Normally, Laird would be picking up his pitcher's cause, an irony he noted afterwards.

"I can't get thrown out right there," Laird said. "I'm trying to be the smart guy. Usually, I'm the other guy yelling at the umpire."

Leyland hopes to see more plate discipline

SEATTLE -- For much of these first five weeks, Tigers manager Jim Leyland has been watching his offense from the dugout and wondering why a team with so many dangerous bats has been struggling to get going. His first ejection of the season on Tuesday might have given him the angle to step back and figure out why.

"When you're in the dugout, you can't always tell [plate discipline], but one of our problems -- and I was talking with [hitting coach Lloyd McClendon] after the game about it -- one of our problems, and we've watched some of it, but we swung at a lot of balls," Leyland said.

"We're not going to hit if we swing at the kind of pitches we swung at after the third or fourth inning. I mean, we just did not show plate discipline, we did not grind out at-bats, and we swung at a lot of balls. We're too good of a team to do that. Our hitters are too good to do that. We made a lot of outs on balls, and we swung at a lot of bad pitches. So that's one thing we're going to have to do a little better at, but we're very capable of that, and we will."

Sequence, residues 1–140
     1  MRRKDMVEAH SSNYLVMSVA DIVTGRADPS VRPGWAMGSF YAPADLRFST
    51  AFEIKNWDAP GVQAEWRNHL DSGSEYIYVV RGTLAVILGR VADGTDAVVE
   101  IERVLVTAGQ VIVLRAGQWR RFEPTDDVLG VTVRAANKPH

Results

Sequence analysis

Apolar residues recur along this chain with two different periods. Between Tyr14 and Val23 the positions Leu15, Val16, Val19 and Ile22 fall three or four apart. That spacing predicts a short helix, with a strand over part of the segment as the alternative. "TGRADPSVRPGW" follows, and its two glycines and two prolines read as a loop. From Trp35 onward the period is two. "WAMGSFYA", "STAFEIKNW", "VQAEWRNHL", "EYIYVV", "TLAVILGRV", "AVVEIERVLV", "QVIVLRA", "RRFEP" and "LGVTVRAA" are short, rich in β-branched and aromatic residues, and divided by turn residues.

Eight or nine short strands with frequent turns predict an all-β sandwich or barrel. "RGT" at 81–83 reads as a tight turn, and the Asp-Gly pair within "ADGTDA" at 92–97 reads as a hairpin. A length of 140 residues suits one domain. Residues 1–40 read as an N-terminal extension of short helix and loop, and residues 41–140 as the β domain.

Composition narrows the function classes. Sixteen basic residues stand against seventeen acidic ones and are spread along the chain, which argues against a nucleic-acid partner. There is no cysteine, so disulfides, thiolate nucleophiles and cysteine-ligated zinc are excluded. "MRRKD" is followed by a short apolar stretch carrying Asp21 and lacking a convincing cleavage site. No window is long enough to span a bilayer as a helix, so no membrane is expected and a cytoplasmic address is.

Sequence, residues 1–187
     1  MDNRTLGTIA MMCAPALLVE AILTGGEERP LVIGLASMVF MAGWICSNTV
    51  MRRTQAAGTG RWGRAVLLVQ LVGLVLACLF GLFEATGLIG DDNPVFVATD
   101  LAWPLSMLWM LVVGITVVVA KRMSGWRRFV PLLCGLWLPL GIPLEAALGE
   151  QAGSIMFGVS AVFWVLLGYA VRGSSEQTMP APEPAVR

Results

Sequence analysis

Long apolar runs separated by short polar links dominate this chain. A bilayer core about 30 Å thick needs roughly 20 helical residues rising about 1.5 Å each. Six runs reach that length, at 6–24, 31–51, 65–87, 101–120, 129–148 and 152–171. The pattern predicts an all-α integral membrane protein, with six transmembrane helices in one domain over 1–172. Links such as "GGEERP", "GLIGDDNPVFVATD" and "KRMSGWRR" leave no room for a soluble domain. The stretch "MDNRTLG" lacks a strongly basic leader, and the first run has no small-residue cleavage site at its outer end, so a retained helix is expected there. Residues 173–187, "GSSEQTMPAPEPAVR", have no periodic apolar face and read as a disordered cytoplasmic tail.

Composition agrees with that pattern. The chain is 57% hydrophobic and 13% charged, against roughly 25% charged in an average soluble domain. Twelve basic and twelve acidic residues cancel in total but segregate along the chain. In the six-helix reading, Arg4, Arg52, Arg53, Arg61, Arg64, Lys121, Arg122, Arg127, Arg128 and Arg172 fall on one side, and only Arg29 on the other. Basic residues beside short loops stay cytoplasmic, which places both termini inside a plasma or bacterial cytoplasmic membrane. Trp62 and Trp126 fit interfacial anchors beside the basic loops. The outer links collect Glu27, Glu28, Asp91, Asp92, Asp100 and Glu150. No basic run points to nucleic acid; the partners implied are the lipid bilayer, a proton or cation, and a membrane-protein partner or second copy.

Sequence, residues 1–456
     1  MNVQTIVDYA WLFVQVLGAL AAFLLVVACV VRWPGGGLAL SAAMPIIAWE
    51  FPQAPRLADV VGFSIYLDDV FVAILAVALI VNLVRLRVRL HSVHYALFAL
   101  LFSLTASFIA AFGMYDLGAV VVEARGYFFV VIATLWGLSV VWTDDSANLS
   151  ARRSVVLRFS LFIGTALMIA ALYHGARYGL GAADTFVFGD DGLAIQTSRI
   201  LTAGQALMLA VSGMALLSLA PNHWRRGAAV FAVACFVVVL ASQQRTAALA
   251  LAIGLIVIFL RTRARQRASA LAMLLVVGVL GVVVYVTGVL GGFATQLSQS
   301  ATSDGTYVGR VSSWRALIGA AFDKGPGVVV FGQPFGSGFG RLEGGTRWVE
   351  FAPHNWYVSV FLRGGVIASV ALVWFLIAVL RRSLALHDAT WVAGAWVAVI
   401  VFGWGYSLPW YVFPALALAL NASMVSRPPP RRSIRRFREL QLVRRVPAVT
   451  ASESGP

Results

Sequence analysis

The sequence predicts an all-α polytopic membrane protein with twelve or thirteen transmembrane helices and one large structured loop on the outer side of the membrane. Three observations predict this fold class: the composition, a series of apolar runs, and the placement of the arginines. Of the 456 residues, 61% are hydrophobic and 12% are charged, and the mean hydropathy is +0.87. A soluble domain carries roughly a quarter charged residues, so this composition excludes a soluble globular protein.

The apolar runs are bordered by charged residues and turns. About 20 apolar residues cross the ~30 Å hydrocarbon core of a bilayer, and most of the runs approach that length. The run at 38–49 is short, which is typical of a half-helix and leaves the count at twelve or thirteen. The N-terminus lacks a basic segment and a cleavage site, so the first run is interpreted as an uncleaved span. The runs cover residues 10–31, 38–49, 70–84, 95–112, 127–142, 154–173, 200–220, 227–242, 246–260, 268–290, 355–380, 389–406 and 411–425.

It's an angle available to players and coaches when they're looking at video, but it's different just watching the normal course of a game as it happens. In the natural sequence of a game, the regularity of the bad at-bats stands out.

It also costs a little perspective -- there was one swing and miss from Raburn that Leyland particularly noticed, he said, only to find out later it was a hit-and-run play -- but that was a one-pitch difference on the regular theme.

"When you're just observing a game, sometimes you see things different," Leyland said. "We're just swinging at too many balls. We're not even giving ourselves a chance. We're not making a guy work."